As we mark the anniversary of World AIDS Day, we must acknowledge the disproportionately higher HIV infection rates among young women and girls compared with men and boys in high prevalence countries. This is in part an outcome of sexual abuse and violence in many forms -- coercion, exploitation, rape, sexual trafficking.
The World Health Organization (WHO) estimated in 2002 that 150 million girls under age 18 experienced some form of sexual violence. Studies indicate that 36 percent to 62 percent of all sexual assaults are committed against girls ages 15 and younger. The International Save the Children Alliance indicates that only 10 percent to 20 percent of sexual abuse cases receive services or are reported to authorities.
The International Journal of Injury Control and Safety Promotion cites that compared with women, girls face particularly high risk of contracting HIV through rape because their bodies are more vulnerable to tears and lesions that allow the virus to enter the bloodstream. Following incidents of sexual violence, girls also have increased downstream risk of contracting HIV and other diseases, because these human rights violations send girls down a negative life path, increasing the likelihood that they will be engaged in further high risk situations.
Girls who are victims of sexual violence are three times more likely to have an unwanted pregnancy, according to a 2009 Lancet study. Research indicates that HIV-infected mothers, without intervention, have more than a one-third risk of transmitting HIV to their child. Girls under 15 who are pregnant also have a five times higher likelihood of dying in childbirth compared with women 20 and older.
The consequences do not end there. In many countries, perpetrators of sexual violence behave with impunity, while their victims, the girls who are violated, are shamed into silence. If their rape or other manifestation of sexual violence becomes known, the girls are outcast. They are more likely to drop out of school, and their ability to become productive members of their society is fundamentally diminished.
This has ramifications for overall economic development. Madeleine Albright's Women Empowered study indicates that a country will experience 0.3% faster economic growth when an additional 1% of girls are kept in school, while another study cited by The Girl Effect found that girls who are protected and educated return 90% of their earned income to their families and communities, compared with boys who return between 30 and 40%.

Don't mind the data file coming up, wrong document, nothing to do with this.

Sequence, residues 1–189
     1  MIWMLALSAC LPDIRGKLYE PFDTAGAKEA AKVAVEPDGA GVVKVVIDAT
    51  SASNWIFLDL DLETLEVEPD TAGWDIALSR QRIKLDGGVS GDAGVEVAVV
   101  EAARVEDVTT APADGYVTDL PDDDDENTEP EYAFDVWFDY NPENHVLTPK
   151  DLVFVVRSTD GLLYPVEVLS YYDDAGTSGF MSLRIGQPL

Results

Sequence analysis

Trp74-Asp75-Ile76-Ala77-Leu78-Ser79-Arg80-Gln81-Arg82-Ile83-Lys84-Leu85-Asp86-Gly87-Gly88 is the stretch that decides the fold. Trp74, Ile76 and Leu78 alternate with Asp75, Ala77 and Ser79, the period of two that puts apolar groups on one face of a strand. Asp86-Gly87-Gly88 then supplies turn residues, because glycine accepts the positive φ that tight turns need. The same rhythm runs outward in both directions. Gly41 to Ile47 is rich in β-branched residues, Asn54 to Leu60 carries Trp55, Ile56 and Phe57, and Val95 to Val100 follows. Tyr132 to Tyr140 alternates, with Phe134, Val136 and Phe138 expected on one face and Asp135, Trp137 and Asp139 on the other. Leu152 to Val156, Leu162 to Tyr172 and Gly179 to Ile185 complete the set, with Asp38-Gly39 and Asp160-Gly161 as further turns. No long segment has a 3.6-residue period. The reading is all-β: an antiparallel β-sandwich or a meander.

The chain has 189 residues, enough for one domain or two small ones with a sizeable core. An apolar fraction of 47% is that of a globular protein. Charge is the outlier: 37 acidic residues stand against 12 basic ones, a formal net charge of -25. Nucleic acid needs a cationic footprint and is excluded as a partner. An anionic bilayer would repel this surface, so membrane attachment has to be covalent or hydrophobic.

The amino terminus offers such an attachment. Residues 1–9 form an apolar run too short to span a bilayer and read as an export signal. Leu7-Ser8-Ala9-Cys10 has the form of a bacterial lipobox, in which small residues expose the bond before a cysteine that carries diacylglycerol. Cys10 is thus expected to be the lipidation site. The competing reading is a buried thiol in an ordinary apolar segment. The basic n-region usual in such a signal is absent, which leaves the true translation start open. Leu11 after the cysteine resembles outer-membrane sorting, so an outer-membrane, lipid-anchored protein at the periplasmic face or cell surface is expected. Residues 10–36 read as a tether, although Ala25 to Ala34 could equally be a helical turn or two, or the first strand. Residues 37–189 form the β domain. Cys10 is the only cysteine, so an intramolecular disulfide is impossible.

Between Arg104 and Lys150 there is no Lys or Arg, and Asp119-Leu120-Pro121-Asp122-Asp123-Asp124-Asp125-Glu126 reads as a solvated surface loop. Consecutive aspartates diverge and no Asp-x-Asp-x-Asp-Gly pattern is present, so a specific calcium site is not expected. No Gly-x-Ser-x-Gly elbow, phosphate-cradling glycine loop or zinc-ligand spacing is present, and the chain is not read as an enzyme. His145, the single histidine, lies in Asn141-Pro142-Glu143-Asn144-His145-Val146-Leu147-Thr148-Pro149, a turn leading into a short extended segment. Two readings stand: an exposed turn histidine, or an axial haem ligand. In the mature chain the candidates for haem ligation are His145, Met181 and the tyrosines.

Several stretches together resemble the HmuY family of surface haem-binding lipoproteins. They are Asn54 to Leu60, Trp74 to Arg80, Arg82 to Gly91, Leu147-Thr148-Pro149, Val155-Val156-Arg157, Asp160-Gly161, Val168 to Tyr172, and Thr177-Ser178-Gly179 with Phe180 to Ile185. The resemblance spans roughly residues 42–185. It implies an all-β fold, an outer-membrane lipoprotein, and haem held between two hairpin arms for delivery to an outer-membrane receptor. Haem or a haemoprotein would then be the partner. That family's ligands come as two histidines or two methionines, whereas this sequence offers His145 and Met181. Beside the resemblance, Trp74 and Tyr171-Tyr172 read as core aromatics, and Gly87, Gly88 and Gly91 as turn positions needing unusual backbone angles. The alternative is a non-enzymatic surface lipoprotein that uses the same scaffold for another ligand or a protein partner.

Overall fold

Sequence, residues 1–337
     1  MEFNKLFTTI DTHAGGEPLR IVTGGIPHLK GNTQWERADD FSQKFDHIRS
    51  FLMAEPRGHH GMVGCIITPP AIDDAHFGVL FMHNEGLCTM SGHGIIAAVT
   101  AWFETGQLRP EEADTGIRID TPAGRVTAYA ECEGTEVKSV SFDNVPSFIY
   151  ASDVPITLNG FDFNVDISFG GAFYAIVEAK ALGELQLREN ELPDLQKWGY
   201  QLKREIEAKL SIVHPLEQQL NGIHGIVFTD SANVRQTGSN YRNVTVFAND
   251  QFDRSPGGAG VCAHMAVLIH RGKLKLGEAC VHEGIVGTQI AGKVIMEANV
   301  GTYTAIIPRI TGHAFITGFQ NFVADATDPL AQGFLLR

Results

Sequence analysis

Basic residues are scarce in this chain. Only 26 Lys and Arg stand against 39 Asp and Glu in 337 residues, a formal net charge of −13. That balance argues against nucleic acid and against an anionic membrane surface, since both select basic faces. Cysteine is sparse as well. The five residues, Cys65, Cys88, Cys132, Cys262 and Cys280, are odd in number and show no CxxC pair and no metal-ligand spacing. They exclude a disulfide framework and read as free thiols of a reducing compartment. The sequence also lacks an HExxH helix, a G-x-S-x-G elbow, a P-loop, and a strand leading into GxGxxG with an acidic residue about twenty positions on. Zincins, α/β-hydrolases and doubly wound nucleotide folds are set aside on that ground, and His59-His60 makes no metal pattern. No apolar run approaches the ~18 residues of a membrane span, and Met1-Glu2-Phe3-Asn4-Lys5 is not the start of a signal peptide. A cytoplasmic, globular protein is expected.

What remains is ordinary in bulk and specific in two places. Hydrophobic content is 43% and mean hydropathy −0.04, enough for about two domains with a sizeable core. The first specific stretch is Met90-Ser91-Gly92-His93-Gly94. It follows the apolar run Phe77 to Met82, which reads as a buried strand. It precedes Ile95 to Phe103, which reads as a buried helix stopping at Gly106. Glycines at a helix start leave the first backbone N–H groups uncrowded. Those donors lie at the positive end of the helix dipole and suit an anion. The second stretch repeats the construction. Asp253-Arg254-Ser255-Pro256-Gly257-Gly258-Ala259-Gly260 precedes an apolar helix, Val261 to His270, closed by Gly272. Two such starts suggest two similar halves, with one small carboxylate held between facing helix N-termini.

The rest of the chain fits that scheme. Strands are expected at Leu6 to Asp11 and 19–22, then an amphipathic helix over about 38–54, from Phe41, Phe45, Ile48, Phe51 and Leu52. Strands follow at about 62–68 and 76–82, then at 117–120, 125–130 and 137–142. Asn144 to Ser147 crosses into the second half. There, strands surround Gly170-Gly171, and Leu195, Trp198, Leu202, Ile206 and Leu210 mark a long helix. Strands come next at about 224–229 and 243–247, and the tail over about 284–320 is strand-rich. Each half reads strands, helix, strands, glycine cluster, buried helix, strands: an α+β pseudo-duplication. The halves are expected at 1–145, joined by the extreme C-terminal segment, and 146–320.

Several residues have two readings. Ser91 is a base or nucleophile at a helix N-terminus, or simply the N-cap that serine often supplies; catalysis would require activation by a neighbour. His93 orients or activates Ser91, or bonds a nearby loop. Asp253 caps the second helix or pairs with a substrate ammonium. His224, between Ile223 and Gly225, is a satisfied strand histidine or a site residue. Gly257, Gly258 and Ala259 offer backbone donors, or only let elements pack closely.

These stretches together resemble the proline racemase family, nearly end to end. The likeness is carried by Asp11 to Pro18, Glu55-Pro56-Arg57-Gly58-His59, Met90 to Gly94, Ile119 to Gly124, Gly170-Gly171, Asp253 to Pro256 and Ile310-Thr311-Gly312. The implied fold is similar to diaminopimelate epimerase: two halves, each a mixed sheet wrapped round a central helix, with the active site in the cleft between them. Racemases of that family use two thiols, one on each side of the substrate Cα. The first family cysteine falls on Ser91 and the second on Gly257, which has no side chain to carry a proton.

At the Clinton Global Initiative Annual Meeting in September 2009, President Clinton announced a new commitment to address sexual violence against girls. Called Together for Girls, partners include four UN agencies -- UNICEF, UNAIDS, UNFPA and UNIFEM -- the Centers for Disease Control and Prevention (CDC), CDC Foundation, Nduna Foundation and Grupo ABC. In 2010, the US Department of State -- through the President's Emergency Plan for AIDS Relief (PEPFAR) and Office of Global Women's Issues -- and BD (Becton, Dickinson and Company) joined as partners.
Together for Girls builds on successful implementation by UNICEF and the CDC of national research in Swaziland to measure the magnitude and health consequences of sexual violence against girls. The results indicated that one out of three girls in Swaziland had experienced sexual violence as a child. Of these, 67% experienced depression, 29% had an unwanted pregnancy, 18% considered suicide, and 5% contracted an infectious disease.
Data from this survey led to critical actions such as introduction of legislation on violence and sexual offenses, establishment of child-friendly courts for testimony on sexual violence, and integration of sexual offenses units trained to work with children into 75% of police stations in the country.
Together for Girls is now working in four countries, in close cooperation with national governments, and many other countries are seeking to engage. The partnership's core methodologies are:
- National research to collect precise data on the extent and causes of sexual violence against girls
- Programmatic and policy actions for prevention, protection, counseling and treatment
- Global advocacy and in-country mobilization to change social norms permissive of sexual violence against girls
The time has come to end sexual violence against girls and put a stop to this source of HIV spread and gross violation of the human rights of children. Some of the world's leading organizations are actively engaged in doing so, and we welcome the support of governments, agencies and like-minded people.
Gary Cohen is executive vice president of BD, board chair of the Centers for Disease Control and Prevention (CDC) Foundation, a board director of the US Fund for UNICEF, Accordia Global Health Foundation and the Perrigo Company, and an adviser to the Clinton Global Initiative. He led the founding of Together for Girls.